SEM indicates scanning electron microscopy.
Circles represent means, and error bars, standard deviations. CFU indicates colony-forming units.
Circles represent means, and error bars, standard deviations. CFU indicates colony-forming units.
Circles represent means, and error bars, standard deviations. S aureus total (planktonic + biofilm) counts were significantly higher without oxacillin compared with all the other treatments with oxacillin (P < .001). CFU indicates colony-forming units.
A, Ethylene oxide treatment. B, Ciprofloxacin treatment at 0 µg/mL. C, Ciprofloxacin treatment at 10 µg/mL. D, Ciprofloxacin treatment at 3000 µg/mL.
Esin L, Antonelli PJ, Ojano-Dirain C. Effect of Haemophilus influenzae Exposure on Staphylococcus aureus Tympanostomy Tube Attachment and Biofilm Formation. JAMA Otolaryngol Head Neck Surg. 2015;141(2):148-153. doi:10.1001/jamaoto.2014.3208
Tympanostomy tube (TT) biofilm formation may lead to sequelae.
To determine whether the acute pathogen Haemophilus influenzae promotes TT attachment and biofilm formation by the chronic pathogen Staphylococcus aureus.
Design and Setting
Controlled, in vitro microbiological study at an academic research laboratory using TTs treated with 0 (untreated), 10, or 3000 µg/mL ciprofloxacin or ethylene oxide and TTs with and without prior H influenzae exposure.
Fluoroplastic TTs (18 per treatment) were cultured with H influenzae. The TTs were gas-sterilized or exposed to 0, 10, or 3000 µg/mL ciprofloxacin. One-third of the TTs from each treatment group underwent H influenzae counts or scanning electron microscopy (SEM). Another one-third were used for an S aureus attachment assay. The remainder, as well as TTs not exposed to H influenzae, were cultured with S aureus and then treated with oxacillin to kill planktonic S aureus. S aureus counts and SEM were performed.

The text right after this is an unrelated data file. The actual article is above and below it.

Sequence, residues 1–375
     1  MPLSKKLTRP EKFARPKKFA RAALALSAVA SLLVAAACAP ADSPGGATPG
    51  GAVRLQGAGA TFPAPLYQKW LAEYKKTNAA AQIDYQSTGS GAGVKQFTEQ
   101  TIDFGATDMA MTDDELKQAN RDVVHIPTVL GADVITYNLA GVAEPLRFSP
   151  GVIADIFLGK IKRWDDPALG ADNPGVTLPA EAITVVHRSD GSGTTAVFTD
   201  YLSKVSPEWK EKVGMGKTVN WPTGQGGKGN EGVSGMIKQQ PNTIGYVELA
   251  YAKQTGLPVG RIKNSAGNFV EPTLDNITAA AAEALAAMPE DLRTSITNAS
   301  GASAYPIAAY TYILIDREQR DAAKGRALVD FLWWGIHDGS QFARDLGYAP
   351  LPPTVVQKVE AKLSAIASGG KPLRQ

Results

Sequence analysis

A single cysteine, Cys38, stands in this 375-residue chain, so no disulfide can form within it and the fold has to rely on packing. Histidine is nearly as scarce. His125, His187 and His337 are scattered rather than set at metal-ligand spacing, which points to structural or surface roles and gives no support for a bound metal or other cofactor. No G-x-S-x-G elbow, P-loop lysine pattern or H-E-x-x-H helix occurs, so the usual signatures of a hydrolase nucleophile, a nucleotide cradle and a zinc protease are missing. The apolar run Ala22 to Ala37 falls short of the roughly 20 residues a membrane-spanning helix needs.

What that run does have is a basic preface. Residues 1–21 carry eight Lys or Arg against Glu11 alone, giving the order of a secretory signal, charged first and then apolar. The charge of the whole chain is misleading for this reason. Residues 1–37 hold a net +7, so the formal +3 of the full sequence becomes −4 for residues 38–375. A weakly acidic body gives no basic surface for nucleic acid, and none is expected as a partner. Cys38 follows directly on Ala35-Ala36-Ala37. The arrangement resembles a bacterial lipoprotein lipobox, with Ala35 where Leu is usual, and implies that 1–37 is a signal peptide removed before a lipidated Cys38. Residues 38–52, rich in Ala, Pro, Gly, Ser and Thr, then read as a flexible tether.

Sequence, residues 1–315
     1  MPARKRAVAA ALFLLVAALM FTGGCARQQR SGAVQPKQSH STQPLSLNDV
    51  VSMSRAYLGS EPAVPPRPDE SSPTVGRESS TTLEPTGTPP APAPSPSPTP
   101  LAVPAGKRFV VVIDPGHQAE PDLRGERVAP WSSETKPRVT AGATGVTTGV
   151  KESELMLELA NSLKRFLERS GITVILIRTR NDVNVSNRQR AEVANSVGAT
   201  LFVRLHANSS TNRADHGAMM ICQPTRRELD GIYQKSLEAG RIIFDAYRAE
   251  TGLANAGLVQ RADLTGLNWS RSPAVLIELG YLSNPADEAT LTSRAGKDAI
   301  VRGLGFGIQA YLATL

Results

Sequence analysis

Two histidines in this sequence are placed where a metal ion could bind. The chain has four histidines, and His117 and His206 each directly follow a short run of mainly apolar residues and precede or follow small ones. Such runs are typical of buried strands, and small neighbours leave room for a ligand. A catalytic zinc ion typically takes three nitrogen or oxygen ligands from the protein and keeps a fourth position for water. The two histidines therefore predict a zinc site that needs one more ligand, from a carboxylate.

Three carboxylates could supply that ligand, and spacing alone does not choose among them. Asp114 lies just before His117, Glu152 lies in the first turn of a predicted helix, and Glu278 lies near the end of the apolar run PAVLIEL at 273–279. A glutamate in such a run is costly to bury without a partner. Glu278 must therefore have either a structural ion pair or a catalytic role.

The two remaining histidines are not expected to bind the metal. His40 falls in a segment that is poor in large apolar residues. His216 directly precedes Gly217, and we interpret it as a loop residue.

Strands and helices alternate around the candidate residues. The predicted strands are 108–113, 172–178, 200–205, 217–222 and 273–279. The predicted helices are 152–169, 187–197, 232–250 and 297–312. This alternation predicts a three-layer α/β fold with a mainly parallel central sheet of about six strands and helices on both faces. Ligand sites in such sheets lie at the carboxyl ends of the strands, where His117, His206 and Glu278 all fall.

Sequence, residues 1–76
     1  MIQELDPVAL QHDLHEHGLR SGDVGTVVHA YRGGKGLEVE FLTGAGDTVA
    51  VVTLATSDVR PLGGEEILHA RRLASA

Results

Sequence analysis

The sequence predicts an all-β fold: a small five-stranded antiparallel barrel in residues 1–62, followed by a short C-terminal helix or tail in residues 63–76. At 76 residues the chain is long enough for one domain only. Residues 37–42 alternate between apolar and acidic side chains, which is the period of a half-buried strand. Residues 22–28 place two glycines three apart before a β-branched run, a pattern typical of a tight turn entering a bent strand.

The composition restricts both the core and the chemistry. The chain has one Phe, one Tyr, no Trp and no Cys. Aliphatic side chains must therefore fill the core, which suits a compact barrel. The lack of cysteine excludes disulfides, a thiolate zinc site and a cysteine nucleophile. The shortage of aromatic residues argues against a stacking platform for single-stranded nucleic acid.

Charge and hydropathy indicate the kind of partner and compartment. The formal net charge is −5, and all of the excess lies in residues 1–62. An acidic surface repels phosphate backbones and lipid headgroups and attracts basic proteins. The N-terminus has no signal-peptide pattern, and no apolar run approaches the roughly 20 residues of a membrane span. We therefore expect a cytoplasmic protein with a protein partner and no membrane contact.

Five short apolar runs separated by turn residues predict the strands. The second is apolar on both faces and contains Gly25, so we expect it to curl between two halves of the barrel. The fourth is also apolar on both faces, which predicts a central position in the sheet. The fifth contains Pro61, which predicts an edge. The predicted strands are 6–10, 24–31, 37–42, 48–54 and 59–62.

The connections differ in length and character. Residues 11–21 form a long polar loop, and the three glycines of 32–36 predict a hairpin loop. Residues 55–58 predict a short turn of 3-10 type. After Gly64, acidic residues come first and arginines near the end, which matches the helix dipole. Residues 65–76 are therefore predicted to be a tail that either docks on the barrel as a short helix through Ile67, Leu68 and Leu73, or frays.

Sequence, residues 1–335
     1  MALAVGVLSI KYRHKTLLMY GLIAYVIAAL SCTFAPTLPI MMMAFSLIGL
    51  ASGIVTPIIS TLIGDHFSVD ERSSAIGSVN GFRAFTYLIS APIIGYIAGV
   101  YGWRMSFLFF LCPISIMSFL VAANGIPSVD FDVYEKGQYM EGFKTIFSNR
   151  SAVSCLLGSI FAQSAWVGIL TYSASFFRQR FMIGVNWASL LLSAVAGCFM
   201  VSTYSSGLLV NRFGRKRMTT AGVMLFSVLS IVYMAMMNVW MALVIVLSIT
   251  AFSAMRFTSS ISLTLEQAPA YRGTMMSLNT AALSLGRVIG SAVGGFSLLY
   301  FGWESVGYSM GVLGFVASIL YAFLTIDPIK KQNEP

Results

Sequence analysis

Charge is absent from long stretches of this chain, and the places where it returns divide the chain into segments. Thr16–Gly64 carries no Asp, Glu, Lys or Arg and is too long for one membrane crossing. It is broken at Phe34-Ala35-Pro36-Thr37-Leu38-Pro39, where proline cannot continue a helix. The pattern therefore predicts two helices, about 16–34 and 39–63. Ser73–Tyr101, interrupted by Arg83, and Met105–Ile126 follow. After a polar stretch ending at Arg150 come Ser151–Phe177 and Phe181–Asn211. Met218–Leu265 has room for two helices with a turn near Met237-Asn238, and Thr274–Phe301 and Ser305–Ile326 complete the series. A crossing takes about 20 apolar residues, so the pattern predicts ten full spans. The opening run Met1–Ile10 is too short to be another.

Main Outcomes and Measures
Attachment and biofilm formation of S aureus on TTs assessed by quantitative bacterial counts and SEM.
Mean (SD) H influenzae counts were lower on TTs treated with 3 mg/mL than with 10 µg/mL ciprofloxacin (2.06 × 103 [1.00 × 103] vs 4.21 × 105 [1.67 × 105]; P < .001). Mean (SD) S aureus attachment was higher on TTs with untreated preexisting H influenzae (8.88 × 105 [3.20 × 105]; P < .001) and lower on TTs with prior exposure to H influenzae treated with 10 (3.43 × 104 [2.10 × 104]; P = .006) or 3000 µg/mL ciprofloxacin (6.41 × 102 [3.59 × 102]; P < .001). S aureus biofilm formation was similar across groups, except TTs with prior exposure to H influenzae treated with ciprofloxacin 3 mg/mL, which had significantly less (9.30 × 101 [3.51 × 102]; P < .001).
Conclusions and Relevance
Exposure to live H influenzae may promote S aureus attachment on TTs. Treatment of H influenzae on TTs with ciprofloxacin, 3 mg/mL, as found in ototopical therapy, may reduce subsequent S aureus attachment and biofilm formation.
Tympanostomy tubes (TTs) are placed in more than 600 000 children in the United States each year.1 Use of TTs may be complicated by posttympanostomy tube otorrhea (PTTO) and occlusion, which have reported rates as high as 83% and 74%, respectively.2,3 Biofilm formation on the TT surface has been implicated in the development of and complications in the treatment of these sequelae.4- 6